Fireworks light up night
By ELIZABETH GOLDEN
Tom Meiers has 20 scrapbooks -- one for every year of the Wild West Festival. He has seen it all, from its inception to organizing the same show 20 years later, only much bigger.
Meiers is in charge of all aspects of fireworks production at the Wild West Festival, and is the only remaining founding member on the committee.
"We started the festival 20 years ago because no one was here on the Fourth of July," he said. "The city of Hays needed a celebration for the city of Hays. We decided on fireworks, but how do you pay for it? Well, you do the concerts. We started from scratch."
Meiers, along with four others, were instrumental from the beginning. The fireworks committee since has grown to more than 40 members.
"I wanted to do something we could brag about and show everyone what Hays is really about," Meiers said. "The idea was to support the fireworks with the concerts and do it around the Fourth of July date."
The fireworks show costs an average of $1,000 per minute. Friday's show lasted just less than 20 minutes.
"The funding comes from the $15 ticket," Meiers said. "The idea was you buy a ticket, go to the concerts, then we can fund this with the money we make from the concerts. All the money from this festival goes back into the city somehow."
The entire town makes money, Meiers said, especially the restaurants and hotels.
Organization of the fireworks show requires coordination from the WWF committee as well as the city and Fort Hays State University. U.S. Highway 183 Bypass is shut down to accommodate approximately 25,000 people lining the dike.
The Hays police department and fire department stand by to ensure safety.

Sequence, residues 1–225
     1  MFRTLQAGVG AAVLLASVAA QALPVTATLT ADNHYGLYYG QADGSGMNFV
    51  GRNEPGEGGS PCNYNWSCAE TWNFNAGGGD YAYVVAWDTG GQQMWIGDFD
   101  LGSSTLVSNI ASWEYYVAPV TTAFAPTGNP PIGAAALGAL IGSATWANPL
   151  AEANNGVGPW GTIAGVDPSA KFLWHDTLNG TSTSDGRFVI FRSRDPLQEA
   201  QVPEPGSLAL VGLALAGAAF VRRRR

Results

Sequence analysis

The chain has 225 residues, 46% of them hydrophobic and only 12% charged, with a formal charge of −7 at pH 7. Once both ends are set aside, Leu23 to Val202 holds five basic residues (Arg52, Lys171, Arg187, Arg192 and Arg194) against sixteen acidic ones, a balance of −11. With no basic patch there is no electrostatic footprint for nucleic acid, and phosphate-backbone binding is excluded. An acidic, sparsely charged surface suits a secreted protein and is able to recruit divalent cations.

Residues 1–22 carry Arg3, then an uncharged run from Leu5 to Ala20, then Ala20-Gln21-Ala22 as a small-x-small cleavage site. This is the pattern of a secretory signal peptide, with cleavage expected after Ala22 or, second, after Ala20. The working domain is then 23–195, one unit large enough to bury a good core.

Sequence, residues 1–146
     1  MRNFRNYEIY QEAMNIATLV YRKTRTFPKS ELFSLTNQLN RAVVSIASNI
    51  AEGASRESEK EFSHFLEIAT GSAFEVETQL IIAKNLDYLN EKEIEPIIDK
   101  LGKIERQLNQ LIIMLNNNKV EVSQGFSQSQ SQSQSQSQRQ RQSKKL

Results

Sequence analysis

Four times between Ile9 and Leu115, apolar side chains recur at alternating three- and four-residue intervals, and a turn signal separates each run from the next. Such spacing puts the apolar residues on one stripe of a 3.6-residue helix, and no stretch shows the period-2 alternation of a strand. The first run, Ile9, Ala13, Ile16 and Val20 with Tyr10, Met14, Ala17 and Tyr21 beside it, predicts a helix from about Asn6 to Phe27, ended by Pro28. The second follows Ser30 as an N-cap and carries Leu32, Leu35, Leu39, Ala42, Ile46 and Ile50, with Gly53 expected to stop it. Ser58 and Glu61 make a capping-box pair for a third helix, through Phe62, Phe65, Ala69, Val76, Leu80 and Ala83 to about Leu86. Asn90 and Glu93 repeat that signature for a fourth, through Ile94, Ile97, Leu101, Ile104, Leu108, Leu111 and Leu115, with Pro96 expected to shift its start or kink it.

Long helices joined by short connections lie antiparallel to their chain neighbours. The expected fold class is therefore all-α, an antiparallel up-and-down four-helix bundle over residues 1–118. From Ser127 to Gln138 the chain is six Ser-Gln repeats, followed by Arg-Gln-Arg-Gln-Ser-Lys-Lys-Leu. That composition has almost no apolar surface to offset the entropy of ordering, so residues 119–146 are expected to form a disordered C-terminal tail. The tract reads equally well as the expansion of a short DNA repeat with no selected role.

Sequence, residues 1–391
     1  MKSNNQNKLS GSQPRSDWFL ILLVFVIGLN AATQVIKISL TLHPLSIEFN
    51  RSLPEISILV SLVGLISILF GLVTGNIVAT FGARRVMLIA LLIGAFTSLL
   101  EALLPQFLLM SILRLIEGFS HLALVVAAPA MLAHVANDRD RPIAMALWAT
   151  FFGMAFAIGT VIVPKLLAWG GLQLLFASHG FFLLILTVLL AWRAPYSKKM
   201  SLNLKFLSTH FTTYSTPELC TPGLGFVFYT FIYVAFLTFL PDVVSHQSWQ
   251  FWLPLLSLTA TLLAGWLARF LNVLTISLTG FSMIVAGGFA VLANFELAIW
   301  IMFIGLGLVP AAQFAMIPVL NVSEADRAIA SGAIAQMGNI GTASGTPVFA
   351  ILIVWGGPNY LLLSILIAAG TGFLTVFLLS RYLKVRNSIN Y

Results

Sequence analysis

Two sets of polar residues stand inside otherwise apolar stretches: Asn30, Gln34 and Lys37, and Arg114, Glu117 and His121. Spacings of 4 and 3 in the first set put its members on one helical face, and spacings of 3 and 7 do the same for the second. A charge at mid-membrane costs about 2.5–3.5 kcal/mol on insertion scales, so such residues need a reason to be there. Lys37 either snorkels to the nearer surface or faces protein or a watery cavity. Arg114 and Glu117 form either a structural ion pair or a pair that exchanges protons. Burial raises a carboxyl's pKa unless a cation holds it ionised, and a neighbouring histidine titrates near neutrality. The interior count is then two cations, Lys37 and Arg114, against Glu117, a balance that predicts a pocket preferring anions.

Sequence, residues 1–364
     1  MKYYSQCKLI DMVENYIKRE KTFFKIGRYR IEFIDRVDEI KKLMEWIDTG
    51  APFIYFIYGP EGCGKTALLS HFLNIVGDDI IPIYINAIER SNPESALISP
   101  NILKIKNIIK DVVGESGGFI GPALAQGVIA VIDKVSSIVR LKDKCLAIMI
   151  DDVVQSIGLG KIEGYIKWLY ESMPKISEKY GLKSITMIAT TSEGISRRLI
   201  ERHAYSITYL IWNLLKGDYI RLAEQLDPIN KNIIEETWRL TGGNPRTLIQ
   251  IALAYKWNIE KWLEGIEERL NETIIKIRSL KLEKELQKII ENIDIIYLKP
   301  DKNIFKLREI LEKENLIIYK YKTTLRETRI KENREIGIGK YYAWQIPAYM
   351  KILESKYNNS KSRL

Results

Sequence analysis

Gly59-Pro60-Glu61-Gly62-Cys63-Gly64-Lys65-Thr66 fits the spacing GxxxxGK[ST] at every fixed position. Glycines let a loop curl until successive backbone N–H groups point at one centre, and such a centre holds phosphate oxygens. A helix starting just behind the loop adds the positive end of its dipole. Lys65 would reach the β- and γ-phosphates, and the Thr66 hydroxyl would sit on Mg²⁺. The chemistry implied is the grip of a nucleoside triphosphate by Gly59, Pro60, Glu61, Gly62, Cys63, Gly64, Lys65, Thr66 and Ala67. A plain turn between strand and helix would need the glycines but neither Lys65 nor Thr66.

"We work with the fireworks company, making sure everyone is safe and conditions are appropriate," said Ryan Hagans with Hays Fire Deptartment. "Last year we had to wet down the grounds; this year we were fortunate enough to have rain. But, we still have fire trucks surrounding the area to put out small grass fires."
Preparation for the fireworks show takes two to three day. Approximately 1,700 tubes are set up on the south side of the Gross Memorial Coliseum at FHSU. Each tube contains an explosive shell hooked up to a wire. The wires individually are connected to a master control board.
"Some of the shells are the size of a basketball," Meiers said. "We are not shooting regular fireworks; we are shooting very explosive shells and dealing with some heavy-duty dynamite."
Along with size, each shell is made differently.
"The shells come in different colors," Meiers said, "some explode immediately, some will trail out. All shells do different things when they're up in the air."
Meiers said the next three to four weeks will be filled with picking up debris.
"When the fireworks blow up, they go into the air, but the fragments are all over the place," Meiers said. "People don't realize this isn't something we just bring in. You need the right people, the right company, the right explosives. It's a major undertaking. While everyone over there is having a good time, we're cleaning up the mess."
Billy Saffer, Olathe, has been involved in the fireworks business for 11 years, and he was responsible for controlling this year's show.
"The Hays show is pretty straight forward," he said. "It just requires a good knowledge of fireworks and safety. I just plug them into a box with a bunch of switches. Oh and then I get to blow stuff up, of course."
Saffer's biggest concern was the wind.
"The big deal with the wind is how far it will carry the burning embers if it's too dry out," he said. "When it's real windy like this, a lot of the effects rely on not having this much wind."
Although windy in the early afternoon, Saffer said the show went smoothly.
"We can brag about having the biggest show in western Kansas," Meiers said.
"Our show is three times bigger than the show in Salina. We get the gratification that we can put on a top-quality exceptional fireworks show."